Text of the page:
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|More from Fruipit||Hurt/comfort & romance||G||None||No update page|
20th February, 2014
But, that's not what she hates the most. Toph hates how her daughter accepts it all. She remembers that her own mother was barely there for her as a child, and she resented her for that. Does her own daughter feel the same?
Lin's happy laugh as she runs to her mother dispels all such doubts.
"Hello, my little badgermole..."
A police station is no place for a six-year-old; even Lin recognises that fact. Then again, she isn't a normal six-year-old.
The people are nicer than those at her school. Just because she doesn't have a father didn't mean she was unsophisticated (a fact she disputed by earthbending the perpetrator onto the roof).
At the station, she often wanders around, talking to the officers; they are entertaining, and it means she can spend more time near Toph. Plus, sometimes they asks her to calm down a victim.
She is needed to help everyone. She wants to.
Azula begins to expect the girl—Lin. Every day, a few hours after her midday meal, she would arrive, staying longer and longer each day. She doesn't always come, although Azula certainly doesn't hate it when she is there.
Azula never speaks to the girl; in fact, she is barely get a word in, even if she had the inclined to speak.
She could try and lie to herself, say it mattered not whether the girl came, but no matter how she spun it, there is one small, undeniable truth.
It is nice to know that she isn't completely forgotten.
The first time she sees the person responsible for her incarceration, Azula swears she looks familiar.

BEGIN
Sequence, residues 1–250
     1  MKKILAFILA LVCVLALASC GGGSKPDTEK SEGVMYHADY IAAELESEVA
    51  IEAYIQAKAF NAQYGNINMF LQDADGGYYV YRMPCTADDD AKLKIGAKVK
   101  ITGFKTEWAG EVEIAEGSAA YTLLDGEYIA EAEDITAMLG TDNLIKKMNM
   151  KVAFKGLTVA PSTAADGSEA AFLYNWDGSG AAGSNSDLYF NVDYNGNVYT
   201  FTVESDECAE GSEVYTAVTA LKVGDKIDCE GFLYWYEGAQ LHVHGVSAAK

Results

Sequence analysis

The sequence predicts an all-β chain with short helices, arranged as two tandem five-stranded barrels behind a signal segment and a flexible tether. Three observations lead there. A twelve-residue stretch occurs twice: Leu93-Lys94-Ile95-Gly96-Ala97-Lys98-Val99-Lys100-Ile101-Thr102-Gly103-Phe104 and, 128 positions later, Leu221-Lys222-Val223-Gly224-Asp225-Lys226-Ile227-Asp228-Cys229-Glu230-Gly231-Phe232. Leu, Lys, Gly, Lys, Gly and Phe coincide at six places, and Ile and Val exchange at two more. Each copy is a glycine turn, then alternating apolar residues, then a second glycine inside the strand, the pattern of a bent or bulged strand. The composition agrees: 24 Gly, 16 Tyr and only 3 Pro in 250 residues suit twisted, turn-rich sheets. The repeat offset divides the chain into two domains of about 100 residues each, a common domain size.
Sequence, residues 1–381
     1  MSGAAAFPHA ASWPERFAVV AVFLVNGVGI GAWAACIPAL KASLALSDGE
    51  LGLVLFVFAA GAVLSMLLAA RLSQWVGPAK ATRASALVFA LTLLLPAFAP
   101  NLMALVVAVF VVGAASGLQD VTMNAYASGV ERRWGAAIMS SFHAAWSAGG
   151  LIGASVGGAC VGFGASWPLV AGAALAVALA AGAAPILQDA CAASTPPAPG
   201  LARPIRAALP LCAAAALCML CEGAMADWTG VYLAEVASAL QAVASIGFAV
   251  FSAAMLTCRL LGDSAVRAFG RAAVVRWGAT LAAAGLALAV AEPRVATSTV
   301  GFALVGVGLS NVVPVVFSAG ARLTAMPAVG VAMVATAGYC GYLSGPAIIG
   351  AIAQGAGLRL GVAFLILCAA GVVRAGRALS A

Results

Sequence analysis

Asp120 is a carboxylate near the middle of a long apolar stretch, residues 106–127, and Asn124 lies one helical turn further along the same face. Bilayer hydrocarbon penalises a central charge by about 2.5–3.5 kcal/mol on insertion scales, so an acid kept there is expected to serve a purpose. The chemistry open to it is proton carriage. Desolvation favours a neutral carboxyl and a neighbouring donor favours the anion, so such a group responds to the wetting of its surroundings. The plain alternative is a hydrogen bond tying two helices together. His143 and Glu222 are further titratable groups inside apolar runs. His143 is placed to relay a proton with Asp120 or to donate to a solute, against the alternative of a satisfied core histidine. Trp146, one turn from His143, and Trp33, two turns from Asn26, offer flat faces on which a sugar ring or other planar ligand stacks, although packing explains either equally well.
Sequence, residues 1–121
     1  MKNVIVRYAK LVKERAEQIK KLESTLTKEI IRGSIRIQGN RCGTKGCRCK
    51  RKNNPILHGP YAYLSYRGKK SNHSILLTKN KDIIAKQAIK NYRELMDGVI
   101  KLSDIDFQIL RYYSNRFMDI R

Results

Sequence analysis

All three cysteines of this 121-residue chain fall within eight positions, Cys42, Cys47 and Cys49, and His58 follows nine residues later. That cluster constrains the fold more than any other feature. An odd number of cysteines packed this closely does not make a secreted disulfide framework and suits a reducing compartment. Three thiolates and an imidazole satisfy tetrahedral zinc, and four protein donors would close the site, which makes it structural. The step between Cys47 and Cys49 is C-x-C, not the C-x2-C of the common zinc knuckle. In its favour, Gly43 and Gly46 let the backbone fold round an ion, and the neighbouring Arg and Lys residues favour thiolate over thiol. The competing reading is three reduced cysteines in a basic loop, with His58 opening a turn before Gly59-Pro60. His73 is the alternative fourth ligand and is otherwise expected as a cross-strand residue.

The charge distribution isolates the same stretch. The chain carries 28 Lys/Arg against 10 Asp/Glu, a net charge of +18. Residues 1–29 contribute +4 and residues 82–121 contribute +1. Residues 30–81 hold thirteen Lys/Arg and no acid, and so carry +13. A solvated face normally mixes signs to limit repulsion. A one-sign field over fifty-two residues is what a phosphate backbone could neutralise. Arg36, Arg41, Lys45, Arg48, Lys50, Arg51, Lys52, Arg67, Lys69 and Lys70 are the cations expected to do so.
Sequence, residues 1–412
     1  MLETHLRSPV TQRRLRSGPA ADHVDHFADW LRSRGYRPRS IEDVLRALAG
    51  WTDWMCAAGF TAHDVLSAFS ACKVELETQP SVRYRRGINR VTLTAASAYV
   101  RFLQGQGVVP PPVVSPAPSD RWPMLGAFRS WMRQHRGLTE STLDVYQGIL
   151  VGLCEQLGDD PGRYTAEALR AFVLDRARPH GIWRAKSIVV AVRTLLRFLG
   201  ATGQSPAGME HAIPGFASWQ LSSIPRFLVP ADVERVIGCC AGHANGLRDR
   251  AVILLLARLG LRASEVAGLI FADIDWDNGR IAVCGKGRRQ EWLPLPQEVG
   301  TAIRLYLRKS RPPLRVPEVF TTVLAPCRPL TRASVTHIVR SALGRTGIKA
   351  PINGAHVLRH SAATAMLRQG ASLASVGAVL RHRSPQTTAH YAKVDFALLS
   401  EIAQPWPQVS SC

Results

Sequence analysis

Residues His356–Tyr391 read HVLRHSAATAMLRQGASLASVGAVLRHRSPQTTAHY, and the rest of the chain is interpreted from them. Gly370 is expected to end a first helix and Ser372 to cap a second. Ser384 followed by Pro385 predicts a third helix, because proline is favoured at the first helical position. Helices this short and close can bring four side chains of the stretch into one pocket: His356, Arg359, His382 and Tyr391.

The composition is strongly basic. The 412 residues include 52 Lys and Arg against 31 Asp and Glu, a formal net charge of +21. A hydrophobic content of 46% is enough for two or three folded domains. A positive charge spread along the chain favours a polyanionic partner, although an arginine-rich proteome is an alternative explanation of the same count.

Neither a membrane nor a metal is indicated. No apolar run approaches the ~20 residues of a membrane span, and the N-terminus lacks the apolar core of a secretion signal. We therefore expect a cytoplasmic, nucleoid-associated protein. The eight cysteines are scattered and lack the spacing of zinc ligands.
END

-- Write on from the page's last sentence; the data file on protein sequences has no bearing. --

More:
She is taken to a room, a short woman following behind. For a reason that Azula can't understand, it feels... off. There is nothing special about the woman in particular. She is short and stocky—almost chunky, but not disgustingly so. She obviously works out, and from the several patches of dirt and way she exudes stubbornness, Azula can only assume she is an earthbender.
She isn't sure what to feel about that, and doesn't even know whether she should feel anything at all.
It takes one question and three of four very angry officers for Azula to realise what they want; someone to blame.
When she agrees to orchestrating some kind of crime, one of several men who are standing before her give a growl and leans closer. "It was my friend you killed," he says, slapping her before leaving. Azula sits there, ignoring the stinging sensation as the woman moves closer to handcuff her again. Above her swelling cheek, she still notices the shiny "Chief" badge pinned to the lapel of the short woman.
"Don't lie next time," comes the murmured warning.
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